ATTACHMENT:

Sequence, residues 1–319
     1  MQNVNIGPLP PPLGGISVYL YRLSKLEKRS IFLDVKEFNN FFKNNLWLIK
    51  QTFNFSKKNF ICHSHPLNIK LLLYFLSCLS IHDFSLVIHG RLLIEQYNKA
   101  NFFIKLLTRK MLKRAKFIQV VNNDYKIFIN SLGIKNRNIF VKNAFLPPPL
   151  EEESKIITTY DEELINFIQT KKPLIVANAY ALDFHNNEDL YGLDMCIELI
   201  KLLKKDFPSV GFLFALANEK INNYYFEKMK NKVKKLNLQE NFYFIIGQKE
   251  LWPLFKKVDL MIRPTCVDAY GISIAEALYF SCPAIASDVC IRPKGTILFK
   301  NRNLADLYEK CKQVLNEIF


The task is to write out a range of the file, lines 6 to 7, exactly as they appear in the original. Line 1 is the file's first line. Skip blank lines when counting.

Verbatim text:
   201  KLLKKDFPSV GFLFALANEK INNYYFEKMK NKVKKLNLQE NFYFIIGQKE
   251  LWPLFKKVDL MIRPTCVDAY GISIAEALYF SCPAIASDVC IRPKGTILFK